entertainment projects at entercomx.com, and other newsand media outlets.
# # #
Entercomx.com is your portal to the world of media news and information, links and features, relating to
the billion dollar business of comics, fantasy, and entertainment.
Category Entertainment, Media, Defense                                         TM copyright respective owners

APEEK News from Comic Company A

NEXTMAN.com
ENTERCOMX.com
page from Next man #3 (tm (c)McKenzie/Argondezzi)
NEXT MAN page  7 vol 1 issue 1
NEXT MAN PRODUCED BY ROGER MC KENZIE and VINCE ARGONDEZZI

Next Man page 7:  pencils : Vince Argondezzi inks : Bill Anderson colors : Kurt Mausert
logo and typography: Vince Argondezzi lettering: Carrie Speigle, Phil LaSorda


This is the Next Man  volume 1, created by Roger and me for the old publisher Comico,well before it collapsed after I left, in the eighties. As a co-founder, publisher and contributor of Comico and several independents, you'd think I could have avoided some of the production and political pitfalls that the book and the publishers encountered. The Next Man holds up well, however, and you can see in all it's glory, full size here. The book had some room for improvement, especially the early isues; however, I'm glad to see the continuing and growing following thru the years with this property. For instance, if you look at these newer versions, while nice, more quirks will be corrected for the trade paperbacks. As I have stated before, this version, by no means a complete remaster or reconditioning, and upcoming editions of re-released work, will show an entire new generation of readers some of the fun I attempted to bring to Comico, 
an early look into my independent and pre-majors comics work, and serve as an indicator of things to come.

Vince Argondezzi

Next Man tm (c) McKenzie/Argondezzi

APEEK News from Comici/ ComicCompany A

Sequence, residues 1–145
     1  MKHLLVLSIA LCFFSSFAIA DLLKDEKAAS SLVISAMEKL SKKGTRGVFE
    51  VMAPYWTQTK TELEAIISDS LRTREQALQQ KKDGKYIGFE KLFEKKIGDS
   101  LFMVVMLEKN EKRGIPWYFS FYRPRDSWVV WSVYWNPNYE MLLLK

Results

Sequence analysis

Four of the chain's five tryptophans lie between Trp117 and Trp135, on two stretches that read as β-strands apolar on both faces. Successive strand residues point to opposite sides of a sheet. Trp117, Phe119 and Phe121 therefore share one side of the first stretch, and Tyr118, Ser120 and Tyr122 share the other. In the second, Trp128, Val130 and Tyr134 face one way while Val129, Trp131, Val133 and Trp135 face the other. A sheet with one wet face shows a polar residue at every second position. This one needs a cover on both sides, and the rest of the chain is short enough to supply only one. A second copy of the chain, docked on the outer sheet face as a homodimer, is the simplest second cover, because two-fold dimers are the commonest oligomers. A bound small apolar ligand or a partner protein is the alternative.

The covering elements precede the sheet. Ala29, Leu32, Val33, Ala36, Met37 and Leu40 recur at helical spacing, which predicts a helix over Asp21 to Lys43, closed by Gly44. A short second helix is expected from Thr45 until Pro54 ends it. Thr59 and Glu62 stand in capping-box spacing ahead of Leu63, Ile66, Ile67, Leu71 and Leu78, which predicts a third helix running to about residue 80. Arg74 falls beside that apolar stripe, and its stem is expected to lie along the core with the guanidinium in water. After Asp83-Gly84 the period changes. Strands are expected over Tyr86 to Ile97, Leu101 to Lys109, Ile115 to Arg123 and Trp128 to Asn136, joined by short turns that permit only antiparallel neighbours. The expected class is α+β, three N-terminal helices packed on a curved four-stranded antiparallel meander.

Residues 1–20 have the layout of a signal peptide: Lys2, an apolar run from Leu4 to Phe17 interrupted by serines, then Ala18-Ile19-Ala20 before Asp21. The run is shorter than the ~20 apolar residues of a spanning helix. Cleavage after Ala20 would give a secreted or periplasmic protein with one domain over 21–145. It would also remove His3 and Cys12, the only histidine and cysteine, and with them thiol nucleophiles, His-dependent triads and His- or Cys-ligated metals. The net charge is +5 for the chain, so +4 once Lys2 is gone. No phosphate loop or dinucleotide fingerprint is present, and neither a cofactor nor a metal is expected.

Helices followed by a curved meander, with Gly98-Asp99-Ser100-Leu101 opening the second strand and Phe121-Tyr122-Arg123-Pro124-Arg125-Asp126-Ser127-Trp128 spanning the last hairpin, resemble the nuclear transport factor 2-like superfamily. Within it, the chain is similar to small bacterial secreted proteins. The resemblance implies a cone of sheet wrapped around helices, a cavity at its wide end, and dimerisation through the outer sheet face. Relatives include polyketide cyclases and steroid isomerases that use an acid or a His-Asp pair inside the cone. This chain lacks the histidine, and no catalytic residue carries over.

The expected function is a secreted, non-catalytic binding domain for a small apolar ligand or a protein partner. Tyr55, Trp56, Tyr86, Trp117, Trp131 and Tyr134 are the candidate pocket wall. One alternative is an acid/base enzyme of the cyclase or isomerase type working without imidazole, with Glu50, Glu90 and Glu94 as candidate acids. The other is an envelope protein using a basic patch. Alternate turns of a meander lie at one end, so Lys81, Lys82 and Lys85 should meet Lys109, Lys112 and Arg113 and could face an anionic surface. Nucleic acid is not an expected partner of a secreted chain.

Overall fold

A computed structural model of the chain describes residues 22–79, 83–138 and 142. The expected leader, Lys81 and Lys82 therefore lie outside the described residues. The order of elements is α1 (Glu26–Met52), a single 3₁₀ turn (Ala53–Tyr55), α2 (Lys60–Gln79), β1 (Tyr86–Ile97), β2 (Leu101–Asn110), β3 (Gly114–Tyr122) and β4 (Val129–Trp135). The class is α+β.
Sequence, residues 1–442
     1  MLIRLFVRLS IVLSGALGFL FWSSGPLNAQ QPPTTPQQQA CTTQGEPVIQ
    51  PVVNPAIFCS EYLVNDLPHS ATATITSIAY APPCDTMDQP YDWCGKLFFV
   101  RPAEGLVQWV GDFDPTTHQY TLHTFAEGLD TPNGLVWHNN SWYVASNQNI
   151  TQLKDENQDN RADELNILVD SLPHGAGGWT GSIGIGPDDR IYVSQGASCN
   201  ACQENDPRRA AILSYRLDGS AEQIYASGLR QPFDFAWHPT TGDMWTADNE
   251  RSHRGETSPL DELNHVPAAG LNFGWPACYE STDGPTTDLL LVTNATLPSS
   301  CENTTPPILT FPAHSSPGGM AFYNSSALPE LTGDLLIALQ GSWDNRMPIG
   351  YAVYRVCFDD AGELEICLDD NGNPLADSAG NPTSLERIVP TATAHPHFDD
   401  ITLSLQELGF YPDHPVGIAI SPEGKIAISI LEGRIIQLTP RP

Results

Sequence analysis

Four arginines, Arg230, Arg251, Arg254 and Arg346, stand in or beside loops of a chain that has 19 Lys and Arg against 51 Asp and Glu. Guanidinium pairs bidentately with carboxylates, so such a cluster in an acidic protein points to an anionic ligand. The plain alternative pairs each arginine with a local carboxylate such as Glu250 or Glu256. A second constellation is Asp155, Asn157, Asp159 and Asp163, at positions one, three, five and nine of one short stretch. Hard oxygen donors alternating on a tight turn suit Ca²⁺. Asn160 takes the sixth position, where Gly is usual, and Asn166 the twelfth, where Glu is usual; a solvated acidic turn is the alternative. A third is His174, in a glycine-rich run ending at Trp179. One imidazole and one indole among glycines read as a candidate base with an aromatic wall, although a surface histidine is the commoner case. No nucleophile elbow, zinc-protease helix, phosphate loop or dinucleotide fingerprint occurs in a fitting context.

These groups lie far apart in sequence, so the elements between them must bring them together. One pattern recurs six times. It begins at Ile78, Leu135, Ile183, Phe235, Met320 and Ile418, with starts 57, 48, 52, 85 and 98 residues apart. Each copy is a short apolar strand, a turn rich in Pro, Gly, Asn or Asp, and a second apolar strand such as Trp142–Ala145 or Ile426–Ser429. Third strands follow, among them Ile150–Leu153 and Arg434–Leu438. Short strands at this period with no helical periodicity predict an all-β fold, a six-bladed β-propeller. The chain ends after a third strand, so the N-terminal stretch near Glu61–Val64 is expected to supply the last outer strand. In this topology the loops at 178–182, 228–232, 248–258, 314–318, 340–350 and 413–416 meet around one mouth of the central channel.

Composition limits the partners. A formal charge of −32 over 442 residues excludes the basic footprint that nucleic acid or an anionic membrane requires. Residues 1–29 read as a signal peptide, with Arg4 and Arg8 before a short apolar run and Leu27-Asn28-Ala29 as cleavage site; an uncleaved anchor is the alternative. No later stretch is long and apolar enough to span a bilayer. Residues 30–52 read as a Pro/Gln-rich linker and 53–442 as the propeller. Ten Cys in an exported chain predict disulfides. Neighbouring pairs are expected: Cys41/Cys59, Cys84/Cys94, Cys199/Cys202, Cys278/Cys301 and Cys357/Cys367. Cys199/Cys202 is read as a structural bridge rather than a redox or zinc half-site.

Who says monsters don't need love and affection? The dynamic between Jade and Grundy always seemed to strain Infinity Inc, but you couldn't deny that Jade really felt sorry for him. These characters were always a strong foundation structure, and held a lot of potential.

This page is from issue 47, right before the beginning of the Millenium saga. As you may remember, I started switching back to 6-8 panels per page around the time of  this issue, maybe a little earlier. Even though this was a DC book, Roy would send page to page synopsis' with no laid out preferences, ala Marvel style.
 
And how about those inks!? My man Tony Dezuniga with the crow quill!! I pack a lot of detail into my pencils, and I am glad when an inker carries it over.

Vince Argondezzi

 s t u d i o s

APEEK News from Comici/ ComicCompany A

Wow, a face only a mother could love!

In between  assignments like Young All Stars and Infinity, and my medical and commercial art, I like to find other favorites for the studio to do, like Speed Racer, and in this case, the stint I did tight layouts for on Now's Racer X.  I liked most of the inking, but I think the last couple of issues were inked in house, or rushed. This issue, I think # 3, was inked superbly by Brian Thomas, and it turned out to become a nice homage to the old Kirby Ayers Atlas books. Me and writer Steve Sullivan  didn't get to pick inkers, but we lucked out a few times, with this issue, and with inkers like Rich Rankin and John Dell III.

 s t u d i o s
Vince Argondezzi pencils/ Brian Thomas inks